Prison Reform in Ireland: what should it look like?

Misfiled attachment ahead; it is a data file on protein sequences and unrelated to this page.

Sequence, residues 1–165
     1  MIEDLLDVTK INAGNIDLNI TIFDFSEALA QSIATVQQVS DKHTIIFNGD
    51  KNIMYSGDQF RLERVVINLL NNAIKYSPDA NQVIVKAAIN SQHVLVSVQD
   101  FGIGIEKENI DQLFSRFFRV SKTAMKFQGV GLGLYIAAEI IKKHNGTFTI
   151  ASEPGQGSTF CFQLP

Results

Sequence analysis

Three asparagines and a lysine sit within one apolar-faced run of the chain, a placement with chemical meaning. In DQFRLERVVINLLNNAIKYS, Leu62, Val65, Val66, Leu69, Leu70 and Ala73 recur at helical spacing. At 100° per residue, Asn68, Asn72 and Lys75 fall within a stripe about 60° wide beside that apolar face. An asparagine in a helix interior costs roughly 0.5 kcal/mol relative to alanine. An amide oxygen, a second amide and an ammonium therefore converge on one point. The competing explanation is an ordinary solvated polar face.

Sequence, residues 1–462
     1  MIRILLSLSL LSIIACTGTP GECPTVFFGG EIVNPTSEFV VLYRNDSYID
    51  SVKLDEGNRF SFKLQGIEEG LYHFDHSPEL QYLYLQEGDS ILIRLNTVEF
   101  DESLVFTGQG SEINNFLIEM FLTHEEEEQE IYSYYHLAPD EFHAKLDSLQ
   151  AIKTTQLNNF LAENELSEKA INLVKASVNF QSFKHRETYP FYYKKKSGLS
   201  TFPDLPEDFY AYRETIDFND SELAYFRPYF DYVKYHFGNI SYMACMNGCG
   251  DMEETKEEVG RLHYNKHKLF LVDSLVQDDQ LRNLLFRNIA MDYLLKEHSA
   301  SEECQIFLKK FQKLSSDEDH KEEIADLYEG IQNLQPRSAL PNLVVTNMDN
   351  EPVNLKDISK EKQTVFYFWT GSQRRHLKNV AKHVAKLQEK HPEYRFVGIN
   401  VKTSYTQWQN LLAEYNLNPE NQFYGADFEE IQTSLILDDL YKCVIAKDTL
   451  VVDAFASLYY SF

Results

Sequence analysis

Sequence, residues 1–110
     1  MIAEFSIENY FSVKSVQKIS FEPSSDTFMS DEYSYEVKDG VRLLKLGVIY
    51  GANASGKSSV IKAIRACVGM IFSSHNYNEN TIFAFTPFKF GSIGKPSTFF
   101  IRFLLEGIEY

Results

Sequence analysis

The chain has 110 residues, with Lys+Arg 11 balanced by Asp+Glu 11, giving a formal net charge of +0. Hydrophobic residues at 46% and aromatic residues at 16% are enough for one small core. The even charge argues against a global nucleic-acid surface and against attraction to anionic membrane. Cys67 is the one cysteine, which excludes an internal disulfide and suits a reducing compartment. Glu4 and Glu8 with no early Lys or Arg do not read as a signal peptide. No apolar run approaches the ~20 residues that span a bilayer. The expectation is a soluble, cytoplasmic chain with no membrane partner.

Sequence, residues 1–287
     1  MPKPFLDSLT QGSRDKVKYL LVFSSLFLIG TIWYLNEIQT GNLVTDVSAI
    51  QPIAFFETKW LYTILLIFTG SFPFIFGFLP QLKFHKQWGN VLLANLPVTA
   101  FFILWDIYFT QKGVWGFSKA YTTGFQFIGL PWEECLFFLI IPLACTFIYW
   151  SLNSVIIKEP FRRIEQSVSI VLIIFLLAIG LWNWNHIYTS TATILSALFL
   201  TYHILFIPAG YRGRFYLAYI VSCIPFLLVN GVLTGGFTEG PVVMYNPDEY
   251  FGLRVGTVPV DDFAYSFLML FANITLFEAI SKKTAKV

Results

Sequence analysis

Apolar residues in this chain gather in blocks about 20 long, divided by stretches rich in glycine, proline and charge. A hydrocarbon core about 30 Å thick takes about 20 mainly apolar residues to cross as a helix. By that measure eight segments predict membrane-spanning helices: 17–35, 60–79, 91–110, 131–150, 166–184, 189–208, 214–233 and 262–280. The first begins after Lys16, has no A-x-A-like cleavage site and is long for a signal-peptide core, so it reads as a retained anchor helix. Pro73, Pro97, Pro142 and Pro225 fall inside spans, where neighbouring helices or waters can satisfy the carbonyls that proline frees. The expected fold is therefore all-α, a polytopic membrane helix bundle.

By Kate Abell | Nov 7 2018The Irish Penal Reform Trust (IPRT), established in 1994, is Ireland’s leading non-governmental organisation advocating for penal reform and has begun a project known as Progress in the Penal System (PIPS). PIPS aims at creating and setting a clear vision for the Irish penal system. The PIPS project released a comprehensive report in 2017 called A Framework for Penal Reform, which looks at the fact that Ireland should be exceeding international human rights standards in order to achieve a world-class penal system, not merely one that meets the minimum requirements. The penal system has seen numerous reforms since the establishment of the IPRT, including the reduction in the number of prisoners, and the introduction of many innovative schemes and progressive legislation. Despite these new measures, a number of aspects are still in need of serious reform. Prisoner Population figures in 2017 show that overcrowding is still a major problem, with a number of prisons operating above the Inspector of Prisons’ recommended capacity. Another serious issue is that of restricted regimes, with the PIPS report outlining that approximately 11% of the prison population are locked up for more than 19 hours a day. A report by the Inspector of Prisons in 2016 also illustrate certain healthcare deficiencies that are prevalent in a number of prisons, and the PIPS report also outlined mental illness and drug dependency as issues which must also be addressed. According to the IPRT, it is widely recognised that prison conditions should reflect basic living conditions in the outside world. Some areas affecting the daily lives of prisoners still needing considerable work include access to legal representations, tuckshop prices and diet and nutrition. The report itself outlines certain important reforms which could improve the conditions of prisons. While there have been a number of penal policy commitments in the past number of years, the report recognises the need to “ensure these commitments are being monitored, fully implemented and monitored.” A further recommendation is the increase in the amount of smaller prisons, as they increase the likelihood of the prisoners’ safety by reducing the likelihood of violence and help create a better relationship between the prison staff and the inmates. The report outlines the recommendations of criminologist Michael Tonry, who recommends the maximum number of inmates to be 300. Currently 5 Irish prisons have populations above this figure, including Mountjoy with a population of 755 inmates. Peter McVerry argues that the greater the loss that is suffered by a person going to prison, in terms of job or status, the greater the punishment, but the reality in Ireland is that “the majority of people who go to prison… have little or nothing to lose. Punishment is not an appropriate response: they have already been punished all their lives.” Whether one or agrees or disagrees with this point of view, it is clear that the reality in Ireland is that prison exists, and we should always work towards having a system that should be characterised as effective and humane.